Home' News Bulletin : ADA News Bulletin May 2016 Contents ADRF
Continuing to ensure
our future is bright
Recently, the Research Advisory Committee (RAC) of the Australian
Dental Research Foundation (ADRF) saw significant changes with
several members reaching their maximum eight year term.
Among these was Professor Camile Farah, Chair of the RAC who has
been an exceptionally hard-working Chair making an outstanding
contribution coordinating this committee during his eight year term.
During his term, there was significant growth in both the number of
grant applications received as well as an increase in the dollar value
of requests. Unfortunately, the amount of funds available has not
grown at the same rate.
Therefore, these grants have become increasingly competitive.
The RAC, under Camile's chairmanship, has ensured the allocation
of the limited ADRF resources has been equitable through a
rigorous peer review system. There has also been a re-alignment
of the distribution of ADRF grants to support younger students
undertaking research in dentistry, as well as established academics.
Support for their research at this early stage in their career is critical
as a foundation for future dental academics and leaders.
It is anticipated that through this mechanism, and your support of
the ADRF, the future of our profession will be bright.
Professors Neil Hunter, Kaye Roberts-Thomson and Wayne Sampson
have also completed their involvement on the RAC. Collectively,
these three outstanding dental academics have provided a wealth of
experience in dental research with expertise in very diverse areas.
Each has given freely of their time in reviewing and shepherding
grant applications and many projects have benefited from their
wisdom through support and feedback. Without the contribution of
these extraordinarily hard working, erudite individuals it is unlikely
that the RAC would have been anywhere near as successful. Their
judicious advice, remarkable acumen and expert knowledge will be
sorely missed. They leave behind a legacy of fairness and equity that
the ongoing committee will endeavour to uphold.
The work undertaken by the RAC has made possible a diverse array
of research activity. A previous criticism directed towards the ADRF
has been that the funded projects have no direct clinical outcome.
This is far from the truth as a simple review of the projects funded
over the past several years, available in the Australian Dental Journal
(ADJ) annual ADRF Special Research Supplement shows many varied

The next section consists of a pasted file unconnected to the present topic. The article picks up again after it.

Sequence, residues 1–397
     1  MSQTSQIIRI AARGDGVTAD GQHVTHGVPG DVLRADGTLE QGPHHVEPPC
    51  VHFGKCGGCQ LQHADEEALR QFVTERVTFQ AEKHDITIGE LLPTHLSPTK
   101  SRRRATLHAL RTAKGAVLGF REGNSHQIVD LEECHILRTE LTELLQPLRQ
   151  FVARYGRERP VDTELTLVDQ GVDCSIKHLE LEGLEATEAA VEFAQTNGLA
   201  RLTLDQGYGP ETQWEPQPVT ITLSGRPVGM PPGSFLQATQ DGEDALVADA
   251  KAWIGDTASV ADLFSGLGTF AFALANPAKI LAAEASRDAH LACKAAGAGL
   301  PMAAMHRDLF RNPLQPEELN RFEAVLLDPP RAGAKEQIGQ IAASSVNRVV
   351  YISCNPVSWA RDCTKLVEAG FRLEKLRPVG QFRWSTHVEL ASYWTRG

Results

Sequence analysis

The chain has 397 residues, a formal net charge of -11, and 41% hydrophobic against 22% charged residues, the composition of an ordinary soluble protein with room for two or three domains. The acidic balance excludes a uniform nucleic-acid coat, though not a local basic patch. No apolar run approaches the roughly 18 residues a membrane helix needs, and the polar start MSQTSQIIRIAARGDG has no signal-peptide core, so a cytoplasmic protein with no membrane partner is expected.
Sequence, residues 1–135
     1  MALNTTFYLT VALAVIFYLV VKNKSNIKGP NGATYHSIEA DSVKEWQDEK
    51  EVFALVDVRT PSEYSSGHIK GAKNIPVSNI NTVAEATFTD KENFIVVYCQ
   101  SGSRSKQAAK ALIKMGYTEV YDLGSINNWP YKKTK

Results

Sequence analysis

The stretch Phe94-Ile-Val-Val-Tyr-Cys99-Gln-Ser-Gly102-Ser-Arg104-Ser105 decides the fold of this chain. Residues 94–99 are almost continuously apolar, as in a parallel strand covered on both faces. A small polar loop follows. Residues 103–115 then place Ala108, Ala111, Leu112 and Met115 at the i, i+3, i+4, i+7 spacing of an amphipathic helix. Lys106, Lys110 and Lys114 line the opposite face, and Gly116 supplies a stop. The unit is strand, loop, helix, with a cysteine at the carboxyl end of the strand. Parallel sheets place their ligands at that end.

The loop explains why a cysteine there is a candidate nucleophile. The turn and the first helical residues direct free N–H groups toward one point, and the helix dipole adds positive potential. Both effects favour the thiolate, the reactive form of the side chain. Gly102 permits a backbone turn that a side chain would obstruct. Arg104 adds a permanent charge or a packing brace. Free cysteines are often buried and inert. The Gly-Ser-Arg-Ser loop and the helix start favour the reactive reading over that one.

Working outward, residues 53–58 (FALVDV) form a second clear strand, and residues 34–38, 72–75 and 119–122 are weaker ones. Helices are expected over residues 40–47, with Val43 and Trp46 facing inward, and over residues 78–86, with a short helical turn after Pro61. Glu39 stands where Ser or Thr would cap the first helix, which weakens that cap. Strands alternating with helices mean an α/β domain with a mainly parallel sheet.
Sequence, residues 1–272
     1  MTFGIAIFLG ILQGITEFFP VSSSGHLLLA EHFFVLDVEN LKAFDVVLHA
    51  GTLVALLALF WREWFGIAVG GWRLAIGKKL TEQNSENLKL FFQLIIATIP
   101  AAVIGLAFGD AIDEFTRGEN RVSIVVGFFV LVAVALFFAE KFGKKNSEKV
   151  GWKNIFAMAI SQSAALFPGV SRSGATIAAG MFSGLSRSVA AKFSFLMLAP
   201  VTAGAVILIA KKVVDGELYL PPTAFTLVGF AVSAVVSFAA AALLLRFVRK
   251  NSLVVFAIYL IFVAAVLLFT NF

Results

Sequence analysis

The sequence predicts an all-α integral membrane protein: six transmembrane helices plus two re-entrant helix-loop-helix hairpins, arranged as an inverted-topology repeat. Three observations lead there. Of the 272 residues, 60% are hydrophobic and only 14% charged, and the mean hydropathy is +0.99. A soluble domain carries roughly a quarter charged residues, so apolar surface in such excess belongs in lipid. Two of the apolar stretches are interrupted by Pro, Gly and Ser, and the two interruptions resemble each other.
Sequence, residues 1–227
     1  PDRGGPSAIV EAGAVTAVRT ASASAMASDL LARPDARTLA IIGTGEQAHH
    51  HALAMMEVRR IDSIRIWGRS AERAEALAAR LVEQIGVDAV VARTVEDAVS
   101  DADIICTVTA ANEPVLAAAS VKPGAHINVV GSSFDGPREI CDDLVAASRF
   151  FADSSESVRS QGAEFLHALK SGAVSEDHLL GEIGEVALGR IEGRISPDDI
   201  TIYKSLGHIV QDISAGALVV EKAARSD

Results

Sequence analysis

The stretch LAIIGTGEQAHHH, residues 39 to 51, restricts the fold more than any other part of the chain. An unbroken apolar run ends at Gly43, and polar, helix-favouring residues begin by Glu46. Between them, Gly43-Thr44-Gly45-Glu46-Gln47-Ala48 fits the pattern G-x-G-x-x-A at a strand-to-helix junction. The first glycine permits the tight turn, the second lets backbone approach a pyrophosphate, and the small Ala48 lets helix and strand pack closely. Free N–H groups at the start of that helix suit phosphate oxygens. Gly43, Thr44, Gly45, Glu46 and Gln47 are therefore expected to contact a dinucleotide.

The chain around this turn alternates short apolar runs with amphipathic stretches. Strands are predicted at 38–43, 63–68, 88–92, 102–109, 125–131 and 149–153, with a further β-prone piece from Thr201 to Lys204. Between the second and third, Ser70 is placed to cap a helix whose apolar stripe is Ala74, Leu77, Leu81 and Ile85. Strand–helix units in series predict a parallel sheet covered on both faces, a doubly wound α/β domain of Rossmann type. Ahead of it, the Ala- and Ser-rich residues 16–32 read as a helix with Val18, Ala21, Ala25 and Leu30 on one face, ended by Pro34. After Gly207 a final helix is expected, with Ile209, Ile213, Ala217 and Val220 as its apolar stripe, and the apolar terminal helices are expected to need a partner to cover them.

studies that translate directly into clinical practice.
The clinical utility of dental materials has been supported by the
ADRF for studies of: how particle size influences the properties
of mineral trioxide aggregate (WN Ha, et al. ADJ Volume 60 No 4
December 2015; S11); how Class II posterior composite resins placed
using different interproximal matrix systems are effective in a clinical
study (E Fisher, I Meyers. ADJ Volume 60 No 4 December 2015; S8);
the potential usefulness of all-ceramic, inlay supported fixed partial
denture (MC Thompson, et al, ADJ Volume 58 No 4 December 2013;
p 434); and, the complications of single and short span implant
supported fixed prostheses occurring in private clinical practice (HJ
Wang, et al. ADJ Volume 60 No 4 December 2015; S18).
Research regarding dental hard tissues has always been at the
forefront of Australian research, and ADRF funded studies over
recent years has allowed for this to be continued to international
leadership. ADRF has supported: studies assessing enamel
related to orthodontic brackets (NJ Cochrane, et al. ADJ Volume
58 No 4 December 2013; S11); methods for the prevention of
white spot lesions around orthodontic brackets (J Yap, et al. ADJ
Volume 59 No 4 December 2014; S28); the assessment of chemical
compositional changes of enamel during early erosion and
remineralization (ED Ports, et al. ADJ Volume 57 No 4 December
2012; S29); as well as enamel softening during early stages of wine
erosion (S Kwek, et al. ADJ Volume 59 No 4 December 2014; S32)
all of which have had direct clinical relevance.
Further, ADRF funded studies on methods for the management of
dental caries, from a prospective randomized controlled study of
the management of deep caries in primary molars (S Mistry, et al.
ADJ Volume 59 No 4 December 2014; S18); to the management of
dentine hypersensitivity (A Bradshaw, I Meyers. ADJ Volume 60 No 4
December 2015; S5); and a comparison of a remineralizing paste and
antibacterial gel to prevent early childhood caries (R Koh, et al. ADJ
Volume 59 No 4 December 2014; S17).
Periodontal disease is a major cause of tooth loss, particularly in the
expanding adult population as the baby boomers are in their 7th
and 8th decade. ADRF supported research is at the cutting edge
of novel treatment of periodontal disease with funding for such
studies assessing mesenchymal stem cells for their ability to inhibit
bone loss in periodontal disease (K Hynes, et al. ADJ Volume 58 No 4
December 2013; S18) as well as using modified hydrogel biomatrices
periodontal regeneration (SM Hamlet, et al. ADJ Volume 58 No 4
December 2013; S16).
Patients presenting in pain to dental practices is a common daily
occurrence and our ability to diagnose and manage our patient's
pain, as well as our patients' associated anxiety, is critical for
successful dental treatment. ADRF funded research over the past
several years has been undertaken to assess the prevalence of
chronic pain following successful endodontic treatment (Y Cui,
et al. ADJ Volume 59 No 4 December 2014; S10); the changes that
occur in jaw muscle pain, activity and jaw movement after stressful
34 | ADA NEWS BULLETIN | MAY 2016
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